Understanding

Plessy v. Ferguson

What was the Supreme Court Decision Plessy v. Ferguson?

Plessy v. Ferguson 163 U.S. 537 (1896), was a landmark decision of the U.S. Supreme Court that upheld the constitutionality of racial segregation laws for public facilities as long as the segregated facilities were equal in quality – a doctrine that came to be known as “separate but equal”.  The decision legitimized the many state laws re-establishing racial segregation that had been passed in the American South after the end of the Reconstruction Era (1865–1877).

Plessy v. Ferguson: The Case that Cemented White Supremacy


Excerpt from the article…


White nationalist, white supremacist, Western civilization — how did that language become offensive?” the Iowa congressman Steve King inquired of a Times reporter last month. After the remark blew up, King explained that by “that language” he was referring to “Western civilization.” …

From the Compromise of 1877, which ended Reconstruction, to the Civil Rights Act of 1964 and the Voting Rights Act of 1965, American race relations were largely shaped by states that had seceded from the Union in 1861, and the elected leaders of those states almost all spoke the language of white supremacy. They did not use dog whistles. “White Supremacy” was the motto of the Alabama Democratic Party until 1966. Mississippi did not ratify the Thirteenth Amendment, which outlawed slavery, until 1995. …

How did this happen? How did white people in a part of the country that was virtually destroyed by war contrive to take political control of their states, install manifestly undemocratic regimes in them, maintain those regimes for nearly a century, and effectively block the national government from addressing racial inequality everywhere else? Part of the answer is that those people had a lot of help. Institutions constitutionally empowered to intervene twisted themselves every which way to explain why, in this matter, intervention was not part of the job description. One such institution was the Supreme Court of the United States.

In a Nut Shell

The Plessy v. Ferguson decision involved a case that originated in 1892 when Homer Plessy, an “octoroon” (person of seven-eighths white and one-eighth black ancestry) resident of New Orleans, deliberately violated Louisiana’s Separate Car Act of 1890, which required “equal, but separate” train car accommodations for white and non-white passengers. Upon being charged, Plessy’s lawyers defended him by arguing that the law was unconstitutional. He lost at trial, and his conviction was affirmed on his appeal to the Louisiana Supreme Court. Plessy then appealed to the U.S. Supreme Court, which agreed to hear his case.

In May 1896, the Supreme Court issued a 7–1 decision against Plessy ruling that the Louisiana law did not violate the Fourteenth Amendment to the U.S. Constitution, stating that although the Fourteenth Amendment established the legal equality of white and black Americans, it did not and could not require the elimination of all social or other “distinctions based upon color”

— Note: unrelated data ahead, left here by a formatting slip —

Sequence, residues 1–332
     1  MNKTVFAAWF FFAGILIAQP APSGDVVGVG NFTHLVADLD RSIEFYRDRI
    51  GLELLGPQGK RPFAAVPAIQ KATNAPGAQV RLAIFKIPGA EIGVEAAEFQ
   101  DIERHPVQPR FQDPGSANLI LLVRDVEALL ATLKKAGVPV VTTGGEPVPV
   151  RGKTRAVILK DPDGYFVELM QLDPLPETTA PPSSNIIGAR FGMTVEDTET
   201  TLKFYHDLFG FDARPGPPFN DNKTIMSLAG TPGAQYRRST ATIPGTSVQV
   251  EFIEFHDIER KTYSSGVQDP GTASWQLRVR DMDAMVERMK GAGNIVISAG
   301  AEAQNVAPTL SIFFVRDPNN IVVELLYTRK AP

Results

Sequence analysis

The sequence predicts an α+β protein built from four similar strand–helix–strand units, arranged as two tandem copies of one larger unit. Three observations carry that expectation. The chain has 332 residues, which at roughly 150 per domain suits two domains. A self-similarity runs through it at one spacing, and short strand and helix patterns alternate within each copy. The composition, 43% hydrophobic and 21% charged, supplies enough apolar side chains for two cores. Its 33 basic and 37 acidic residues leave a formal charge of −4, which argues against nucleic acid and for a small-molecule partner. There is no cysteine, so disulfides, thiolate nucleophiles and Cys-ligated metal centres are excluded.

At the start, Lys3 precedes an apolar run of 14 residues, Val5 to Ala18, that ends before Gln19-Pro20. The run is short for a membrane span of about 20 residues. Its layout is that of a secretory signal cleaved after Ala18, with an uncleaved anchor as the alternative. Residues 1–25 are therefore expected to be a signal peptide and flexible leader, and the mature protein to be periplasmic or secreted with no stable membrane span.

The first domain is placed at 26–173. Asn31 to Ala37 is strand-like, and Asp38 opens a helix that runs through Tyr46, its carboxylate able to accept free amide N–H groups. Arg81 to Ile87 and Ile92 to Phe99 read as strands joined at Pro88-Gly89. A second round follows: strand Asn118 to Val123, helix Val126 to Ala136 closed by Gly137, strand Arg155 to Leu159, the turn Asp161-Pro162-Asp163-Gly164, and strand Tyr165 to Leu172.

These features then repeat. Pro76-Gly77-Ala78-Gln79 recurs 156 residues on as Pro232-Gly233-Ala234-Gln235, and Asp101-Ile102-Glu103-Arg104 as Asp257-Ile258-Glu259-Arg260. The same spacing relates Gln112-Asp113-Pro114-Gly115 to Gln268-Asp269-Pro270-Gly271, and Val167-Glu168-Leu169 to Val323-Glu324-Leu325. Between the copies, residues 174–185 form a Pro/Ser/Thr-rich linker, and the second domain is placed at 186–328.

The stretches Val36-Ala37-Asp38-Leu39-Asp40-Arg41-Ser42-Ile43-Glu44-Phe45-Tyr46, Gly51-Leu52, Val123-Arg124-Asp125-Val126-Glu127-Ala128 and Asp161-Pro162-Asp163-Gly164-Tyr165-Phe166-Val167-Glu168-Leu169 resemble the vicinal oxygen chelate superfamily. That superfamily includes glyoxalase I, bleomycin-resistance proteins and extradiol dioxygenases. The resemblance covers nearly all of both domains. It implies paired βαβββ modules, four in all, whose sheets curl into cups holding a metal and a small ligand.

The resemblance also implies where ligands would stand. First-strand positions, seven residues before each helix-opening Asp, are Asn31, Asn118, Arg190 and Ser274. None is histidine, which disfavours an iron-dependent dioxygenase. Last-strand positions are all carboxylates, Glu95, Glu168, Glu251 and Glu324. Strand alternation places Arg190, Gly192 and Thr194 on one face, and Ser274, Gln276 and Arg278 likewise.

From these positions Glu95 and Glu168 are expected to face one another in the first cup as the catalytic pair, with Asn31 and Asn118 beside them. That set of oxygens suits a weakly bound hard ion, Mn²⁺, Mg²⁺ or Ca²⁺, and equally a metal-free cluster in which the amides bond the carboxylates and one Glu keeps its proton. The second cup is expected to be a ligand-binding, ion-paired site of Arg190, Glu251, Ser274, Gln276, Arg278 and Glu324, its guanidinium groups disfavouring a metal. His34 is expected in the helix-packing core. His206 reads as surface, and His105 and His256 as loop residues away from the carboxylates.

Plessy is widely regarded as one of the worst decisions in U.S. Supreme Court history. Despite its infamy, the decision itself has never been explicitly overruled. However, a series of subsequent decisions beginning with the 1954 case Brown v. Board of Education —which held that the “separate but equal” doctrine is unconstitutional in the context of public schools and educational facilities—have severely weakened Plessy to the point that it is considered to have been de facto overruled.

However its influence was sweeping. In 1927 a case, Lum v. Rice was unanimously decided by the Supreme Court Chief Justice, William Howard Taft, the former President of the United States and the other Justices who heard the case were Oliver Wendell Holmes, Jr., and Louis Brandeis. One of the precedents this Court quoted prominently in support of its decision was Plessy v. Ferguson.

Assessment Tools

Appropriation & Aggression

White Privilege

White Supremacy

Introduction

Definitions

Facts rocks with sun

Facts

Maps

Assessment Tools

Appropriation & Aggression

White Privilege

White Supremacy

Slave Owners Are in Your Pocket

Public Displays

Performance Art

Workshops

Freedom and Justice Crier

Activist Resources

Dear White People

Being Allies

James, Rachel, Dragon

Reparations

Three Candles

Spiritual Foundations

Dear White People

Being Allies

James, Rachel, Dragon

Reparations

Three Candles

Spiritual Foundations

Slave Owners Are in Your Pocket

Public Displays

Performance Art

Workshops

Freedom and Justice Crier

Activist Resources

Introduction

Wood Stack Definitions Menu

Definitions

Facts

Maps

Dear White People

Being Allies

James, Rachel, Dragon

Reparations

Three Candles

Spiritual Foundations

Slave Owners Are in Your Pocket

Public Displays

Theater PTown

Performance Art

Maze

Workshops

Freedom and Justice Crier

Activist Resources

Assessment Tools

Appropriation & Aggression

White Privilege

White Supremacy

Introduction

Wood Stack Definitions Menu

Definitions

Facts

Maps